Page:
When should I take morning-after pills? How many times can you take the morning after pill? The morning after pill containing high levels of progesterone hormone is used orally by women to prevent the occurrence of unplanned pregnancies after unprotected sexual intercourse. The high level of progesterone hormone contained in the drug reduces the possibility of fertilization of the female egg by the male reproductive cell sperm, as well as preventing the fertilized egg from clinging to the uterus and prevents the formation of pregnancy. Unlike contraceptives, the morning-after pill does not require regular use, and it is used as one or two doses after undesirable intercourse. The chance of preventing pregnancy after sexual intercourse, which is also linked to how early the drug is used, may not affect when taken on the 5th day after intercourse. The morning-after pill, when taken within the first 24 hours after unprotected intercourse, prevents approximately 98% of unplanned pregnancy occurrences. It should be noted that these pills, which have no protective effect on the transmission of sexually transmitted diseases, should only be used to prevent pregnancy in unexpected situations. Let’s look at how to use the morning-after pill.
How To Use The Morning-After Pill?
When the contraceptive methods are not applied, the morning-after pill which should be used after unprotected sexual intercourse is successful in preventing pregnancy. Contrary to popular belief, the morning-after pill does not have to be taken the day after sexual intercourse. The drug taken in the first 24 hours will be 98% effective in preventing pregnancy, this rate decreases to 75% at 48 hours. The next day, therefore, the pill should be taken orally as soon as possible after unprotected sexual intercourse. The drug from the pharmacy should be used at the dosage indicated in the package insert after carefully reading the package insert. It is because there are differences in usage between drug brands. Some drugs are used as a single pill after intercourse, while others are effective when used in two doses.
How Do Morning-After Pills Prevent Pregnancy?
The morning-after pill, which should be taken as soon as possible after unprotected sexual intercourse, prevents unexpected pregnancy formation thanks to its progesterone hormone. When the sperm cell reaches the fallopian tubes, which is one of the organs of the female reproductive system, it is necessary to fertilize the egg. The sperm cell, which can remain alive in the female body for about two days, can fertilize the egg in the event of ovulation within two days after reaching the fallopian tubes, which can create a pregnancy. However, the next day after unprotected sexual intercourse, the pill delays ovulation due to the high levels of hormones it contains. Even if the egg is fertilized by sperm in the fallopian tubes, it prevents pregnancy formation by preventing the thickening of the intrauterine wall that allows the embryo to hold onto the uterus with the use of the pill.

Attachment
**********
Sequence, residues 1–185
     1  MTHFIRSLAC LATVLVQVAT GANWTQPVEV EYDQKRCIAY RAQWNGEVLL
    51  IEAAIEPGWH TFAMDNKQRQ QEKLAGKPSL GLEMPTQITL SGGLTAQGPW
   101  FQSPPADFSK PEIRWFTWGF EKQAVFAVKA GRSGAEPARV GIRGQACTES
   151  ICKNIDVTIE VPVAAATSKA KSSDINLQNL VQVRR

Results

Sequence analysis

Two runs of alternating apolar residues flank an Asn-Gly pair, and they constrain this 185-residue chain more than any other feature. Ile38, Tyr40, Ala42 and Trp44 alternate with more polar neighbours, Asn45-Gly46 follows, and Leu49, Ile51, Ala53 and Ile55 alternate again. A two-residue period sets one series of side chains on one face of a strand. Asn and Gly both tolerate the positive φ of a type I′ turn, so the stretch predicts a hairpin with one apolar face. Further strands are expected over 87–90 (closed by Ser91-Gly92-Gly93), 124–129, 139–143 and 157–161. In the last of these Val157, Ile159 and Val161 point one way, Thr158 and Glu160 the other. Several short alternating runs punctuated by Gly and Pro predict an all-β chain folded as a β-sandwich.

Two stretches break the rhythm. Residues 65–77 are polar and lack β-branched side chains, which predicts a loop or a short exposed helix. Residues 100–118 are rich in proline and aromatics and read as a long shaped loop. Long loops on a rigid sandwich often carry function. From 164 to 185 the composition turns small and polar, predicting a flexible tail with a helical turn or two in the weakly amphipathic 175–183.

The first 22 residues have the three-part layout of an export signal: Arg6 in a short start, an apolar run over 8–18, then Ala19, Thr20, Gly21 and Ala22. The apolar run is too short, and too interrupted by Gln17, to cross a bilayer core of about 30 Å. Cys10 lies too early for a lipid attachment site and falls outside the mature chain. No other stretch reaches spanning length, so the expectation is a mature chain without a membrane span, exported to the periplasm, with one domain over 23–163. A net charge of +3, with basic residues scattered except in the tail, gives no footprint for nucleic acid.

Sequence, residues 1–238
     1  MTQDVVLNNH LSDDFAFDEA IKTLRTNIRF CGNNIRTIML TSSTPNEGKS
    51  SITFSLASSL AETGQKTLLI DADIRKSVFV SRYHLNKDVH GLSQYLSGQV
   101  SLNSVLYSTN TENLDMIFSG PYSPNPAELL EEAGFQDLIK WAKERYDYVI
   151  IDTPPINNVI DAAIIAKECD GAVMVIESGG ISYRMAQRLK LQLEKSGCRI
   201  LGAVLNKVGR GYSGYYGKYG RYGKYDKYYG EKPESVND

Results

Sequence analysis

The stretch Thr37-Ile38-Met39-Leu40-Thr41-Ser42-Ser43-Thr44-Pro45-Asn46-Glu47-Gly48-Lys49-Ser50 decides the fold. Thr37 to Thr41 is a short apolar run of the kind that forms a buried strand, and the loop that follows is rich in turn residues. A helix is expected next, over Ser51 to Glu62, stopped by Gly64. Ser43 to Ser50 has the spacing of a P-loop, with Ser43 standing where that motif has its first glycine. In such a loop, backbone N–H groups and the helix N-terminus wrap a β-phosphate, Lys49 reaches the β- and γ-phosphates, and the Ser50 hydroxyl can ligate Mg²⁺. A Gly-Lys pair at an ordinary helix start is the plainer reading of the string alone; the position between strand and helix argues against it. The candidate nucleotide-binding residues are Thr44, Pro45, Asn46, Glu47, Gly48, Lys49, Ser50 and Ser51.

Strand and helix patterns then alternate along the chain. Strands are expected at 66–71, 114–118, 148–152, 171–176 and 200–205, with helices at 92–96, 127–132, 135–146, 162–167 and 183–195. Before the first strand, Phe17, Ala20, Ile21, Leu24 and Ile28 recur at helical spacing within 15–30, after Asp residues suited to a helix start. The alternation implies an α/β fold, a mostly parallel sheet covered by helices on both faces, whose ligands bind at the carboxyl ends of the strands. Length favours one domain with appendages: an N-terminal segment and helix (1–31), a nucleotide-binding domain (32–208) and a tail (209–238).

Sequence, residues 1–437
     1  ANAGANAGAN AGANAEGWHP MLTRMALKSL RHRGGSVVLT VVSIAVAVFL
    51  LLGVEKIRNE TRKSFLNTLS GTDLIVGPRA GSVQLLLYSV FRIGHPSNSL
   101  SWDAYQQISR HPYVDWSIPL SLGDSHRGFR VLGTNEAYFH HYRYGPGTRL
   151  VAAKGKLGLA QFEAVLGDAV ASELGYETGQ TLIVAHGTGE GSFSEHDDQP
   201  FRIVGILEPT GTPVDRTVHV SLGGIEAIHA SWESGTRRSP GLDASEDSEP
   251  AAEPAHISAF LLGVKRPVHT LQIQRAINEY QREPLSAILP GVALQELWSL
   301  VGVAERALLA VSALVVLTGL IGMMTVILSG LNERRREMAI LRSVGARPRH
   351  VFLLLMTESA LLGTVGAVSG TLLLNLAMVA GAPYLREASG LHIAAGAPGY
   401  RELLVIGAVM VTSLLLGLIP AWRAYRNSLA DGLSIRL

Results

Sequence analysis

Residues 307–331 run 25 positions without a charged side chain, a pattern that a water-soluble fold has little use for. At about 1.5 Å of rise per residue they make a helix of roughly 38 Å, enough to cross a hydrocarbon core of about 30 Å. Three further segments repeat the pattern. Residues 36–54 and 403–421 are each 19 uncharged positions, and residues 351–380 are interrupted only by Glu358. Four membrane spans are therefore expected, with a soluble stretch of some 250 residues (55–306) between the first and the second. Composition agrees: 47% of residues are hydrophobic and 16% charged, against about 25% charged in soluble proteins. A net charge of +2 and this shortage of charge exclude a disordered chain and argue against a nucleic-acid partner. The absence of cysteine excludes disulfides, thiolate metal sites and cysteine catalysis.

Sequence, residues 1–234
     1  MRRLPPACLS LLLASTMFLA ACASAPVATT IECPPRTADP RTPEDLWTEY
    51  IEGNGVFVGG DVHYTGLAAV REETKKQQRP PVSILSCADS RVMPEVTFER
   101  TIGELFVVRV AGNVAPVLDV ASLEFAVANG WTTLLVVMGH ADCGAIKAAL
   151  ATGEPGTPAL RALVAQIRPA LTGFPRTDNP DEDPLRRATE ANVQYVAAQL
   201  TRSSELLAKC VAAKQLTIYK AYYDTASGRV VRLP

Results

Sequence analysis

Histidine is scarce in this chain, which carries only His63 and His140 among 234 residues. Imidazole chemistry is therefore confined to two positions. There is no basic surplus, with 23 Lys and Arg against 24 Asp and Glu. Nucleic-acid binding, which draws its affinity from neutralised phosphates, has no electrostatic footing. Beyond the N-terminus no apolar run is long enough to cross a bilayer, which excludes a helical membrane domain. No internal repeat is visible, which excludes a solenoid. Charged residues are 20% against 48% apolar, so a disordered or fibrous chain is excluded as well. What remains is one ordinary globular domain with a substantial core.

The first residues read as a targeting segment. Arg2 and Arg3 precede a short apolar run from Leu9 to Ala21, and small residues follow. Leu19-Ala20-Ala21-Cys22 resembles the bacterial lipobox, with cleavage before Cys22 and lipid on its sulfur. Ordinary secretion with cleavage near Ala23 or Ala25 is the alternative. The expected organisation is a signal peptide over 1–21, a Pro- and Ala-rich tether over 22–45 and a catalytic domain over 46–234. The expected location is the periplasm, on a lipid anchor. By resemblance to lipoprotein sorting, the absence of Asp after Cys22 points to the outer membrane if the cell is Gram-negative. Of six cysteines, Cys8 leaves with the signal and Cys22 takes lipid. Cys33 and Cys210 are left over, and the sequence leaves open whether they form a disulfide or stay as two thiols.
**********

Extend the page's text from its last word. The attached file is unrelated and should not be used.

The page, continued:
Side Effects Of Morning-After Pills
The morning-after pill is very effective in preventing the occurrence of unplanned pregnancies. When taken immediately after the unprotected relationship, the success rate of the drug that provides maximum protection decreases over time. The morning-after pill, which contains a high dose of progesterone hormone to prevent pregnancy, can cause many side effects when used as a birth control method. It may also cause symptoms such as menstrual irregularity, nausea, and vomiting even in single-use. If the person vomits within the first three hours after taking the drug, the drug should be re-used, since the protective effect of the drug will not remain. If the complaints related to drug use persist, you should consult the nearest health institution. The next day, the pill should not be used more than once in a month due to side effects due to high levels of the hormone. In case of more than one unprotected intercourse within the same month, or depending on the long-term use of the pill the next day, the person’s hormonal pattern may be turned upside down. The next day, therefore, the pill should only be used after unprotected sexual intercourse at risk of pregnancy and only once a month at most. Other side effects of the morning-after pill include:
- Breast sensitivity
- Intermediate bleeding
- Abdominal pain
For a healthy life, the morning-after pill should be limited to a maximum of a dose per month.